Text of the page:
We interviewed Emilio Fuscaldo of NEST Architects about the Rosanna House project, a thoughtful renovation of a mid-century house near Melbourne. This 1960s house is now updated for the modern living. Let us know on social media if you like this project as much we do!
Can you tell us a bit about the story of this house and its owners?
The client had bought mid-century house in Rosanna, a suburb of Melbourne, that was way too small for their family. A typical ’60s house, with a tiny kitchen, an almost non-existent laundry room and bathrooms built for midgets.
They contacted us after seeing the Balwyn Rd house project and liked how we had sensitively restored it.
Scott, the client, studied architecture and practiced as a graduate for a little while, so he’s well aware of his likes and dislikes and understands the concepts and jargon really well.
What did your clients asked for in their brief?
They approached us with the brief to keep as much of the existing house and it’s features as possible, but proposed a layout that would allow for a growing family.
They didn’t want a big house, they wanted to preserve the mid-century look, feel and features without turning it into a simple homage to mid-century architecture and interior design.
Tell us about the approach you had for this project
We draw a lot of inspiration from mid-century architecture and design. The Case Study House Program, in particular, is an obvious source of inspiration and we tried to take some of its best features.
First, Instead of one simple room with multiple functions, we created subtle divisions that are permeable. We used materials that were somewhat indicative of the mid-century era. We also made sure that the large expanses of existing glazing were kept and that the new sections of glazing were somewhat similar to those. In general, we tried not to alter the look and feel of the house too much.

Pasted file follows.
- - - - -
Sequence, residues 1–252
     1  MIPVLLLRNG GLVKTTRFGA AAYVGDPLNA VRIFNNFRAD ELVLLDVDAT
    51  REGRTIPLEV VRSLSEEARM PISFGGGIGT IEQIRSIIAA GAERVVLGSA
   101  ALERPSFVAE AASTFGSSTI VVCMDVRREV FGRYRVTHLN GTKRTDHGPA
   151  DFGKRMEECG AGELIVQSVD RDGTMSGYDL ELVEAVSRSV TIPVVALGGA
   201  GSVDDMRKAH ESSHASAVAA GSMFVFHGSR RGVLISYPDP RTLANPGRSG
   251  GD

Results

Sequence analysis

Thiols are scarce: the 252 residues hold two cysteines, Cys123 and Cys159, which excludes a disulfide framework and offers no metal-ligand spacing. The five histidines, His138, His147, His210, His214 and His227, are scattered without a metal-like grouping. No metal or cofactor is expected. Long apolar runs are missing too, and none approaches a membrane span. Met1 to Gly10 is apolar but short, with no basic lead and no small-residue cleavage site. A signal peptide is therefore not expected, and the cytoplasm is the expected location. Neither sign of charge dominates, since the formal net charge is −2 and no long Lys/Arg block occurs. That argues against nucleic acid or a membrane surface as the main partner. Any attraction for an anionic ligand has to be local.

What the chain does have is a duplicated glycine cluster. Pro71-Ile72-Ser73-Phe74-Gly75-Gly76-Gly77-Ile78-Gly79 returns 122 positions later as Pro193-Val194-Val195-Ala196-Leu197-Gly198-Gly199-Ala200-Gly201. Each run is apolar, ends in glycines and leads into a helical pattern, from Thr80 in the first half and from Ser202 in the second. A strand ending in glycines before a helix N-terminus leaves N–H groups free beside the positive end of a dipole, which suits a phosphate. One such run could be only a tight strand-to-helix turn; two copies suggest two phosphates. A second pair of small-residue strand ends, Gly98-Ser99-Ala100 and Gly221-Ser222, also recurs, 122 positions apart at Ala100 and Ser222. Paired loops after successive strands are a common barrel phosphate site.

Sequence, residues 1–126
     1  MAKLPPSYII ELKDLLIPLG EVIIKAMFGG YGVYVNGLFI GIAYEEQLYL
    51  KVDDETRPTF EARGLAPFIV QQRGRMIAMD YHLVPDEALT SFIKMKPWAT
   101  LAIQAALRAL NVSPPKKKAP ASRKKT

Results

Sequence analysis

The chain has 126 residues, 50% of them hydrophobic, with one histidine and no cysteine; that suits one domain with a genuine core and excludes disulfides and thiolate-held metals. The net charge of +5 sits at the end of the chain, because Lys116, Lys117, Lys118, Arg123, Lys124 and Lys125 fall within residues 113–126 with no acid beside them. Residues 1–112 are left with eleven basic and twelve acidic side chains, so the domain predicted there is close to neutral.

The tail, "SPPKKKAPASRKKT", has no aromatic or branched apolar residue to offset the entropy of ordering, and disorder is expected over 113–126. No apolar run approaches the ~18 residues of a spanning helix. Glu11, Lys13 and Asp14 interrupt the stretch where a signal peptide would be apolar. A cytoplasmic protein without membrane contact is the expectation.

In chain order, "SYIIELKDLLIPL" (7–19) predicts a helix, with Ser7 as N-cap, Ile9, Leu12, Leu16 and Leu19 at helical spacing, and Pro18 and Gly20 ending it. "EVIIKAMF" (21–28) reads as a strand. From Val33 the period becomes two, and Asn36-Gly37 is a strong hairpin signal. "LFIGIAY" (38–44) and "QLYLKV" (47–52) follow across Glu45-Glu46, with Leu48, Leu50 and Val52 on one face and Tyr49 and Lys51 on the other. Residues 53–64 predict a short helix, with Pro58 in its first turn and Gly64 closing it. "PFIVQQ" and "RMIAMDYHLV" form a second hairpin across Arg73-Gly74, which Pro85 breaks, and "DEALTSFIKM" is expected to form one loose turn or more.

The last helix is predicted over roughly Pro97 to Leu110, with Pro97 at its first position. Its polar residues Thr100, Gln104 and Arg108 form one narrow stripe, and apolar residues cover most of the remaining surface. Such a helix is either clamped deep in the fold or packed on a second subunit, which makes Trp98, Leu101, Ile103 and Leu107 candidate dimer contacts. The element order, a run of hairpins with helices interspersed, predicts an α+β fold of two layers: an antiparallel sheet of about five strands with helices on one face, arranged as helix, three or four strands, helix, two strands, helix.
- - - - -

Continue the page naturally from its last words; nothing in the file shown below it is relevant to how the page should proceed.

What materials have you used and why?
The material palette throughout is simple and understated: cork floor, internal lining boards, white corian bench-tops with American Oak veneered joinery and black shadow lines.
The bathrooms feature green geometric tiles and the WC features a ‘Barbican’ hand sink basin designed by Michael Hohmann, recovered from the street.
Externally, timber windows combined with concrete blocks and black metal cladding, create a timeless palette of colour and materials.
Colour is present throughout the house, starting from the front door painted in a luminescent yellow. A deep sea green was used on part of the external façade and behind the external screens to ensure that the house was perceived as being playful and fun.
Which is your favourite feature of the Rosanna House?
The look and feel of the house changes the every time you visit. It’s never boring and it’s certainly not a one hit wonder. Also, the way it opens up to the rear and front gardens.
Photos by Lauren Bamford